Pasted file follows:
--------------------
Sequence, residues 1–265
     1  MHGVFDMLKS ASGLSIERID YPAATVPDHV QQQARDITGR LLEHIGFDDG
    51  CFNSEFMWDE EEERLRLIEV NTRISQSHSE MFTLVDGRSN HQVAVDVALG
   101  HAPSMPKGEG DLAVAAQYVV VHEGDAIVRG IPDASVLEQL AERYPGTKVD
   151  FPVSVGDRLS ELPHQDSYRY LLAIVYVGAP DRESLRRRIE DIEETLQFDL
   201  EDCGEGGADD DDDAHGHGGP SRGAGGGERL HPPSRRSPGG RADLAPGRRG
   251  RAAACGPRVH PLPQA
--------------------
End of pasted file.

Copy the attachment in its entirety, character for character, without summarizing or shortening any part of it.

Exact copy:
Sequence, residues 1–265
     1  MHGVFDMLKS ASGLSIERID YPAATVPDHV QQQARDITGR LLEHIGFDDG
    51  CFNSEFMWDE EEERLRLIEV NTRISQSHSE MFTLVDGRSN HQVAVDVALG
   101  HAPSMPKGEG DLAVAAQYVV VHEGDAIVRG IPDASVLEQL AERYPGTKVD
   151  FPVSVGDRLS ELPHQDSYRY LLAIVYVGAP DRESLRRRIE DIEETLQFDL
   201  EDCGEGGADD DDDAHGHGGP SRGAGGGERL HPPSRRSPGG RADLAPGRRG
   251  RAAACGPRVH PLPQA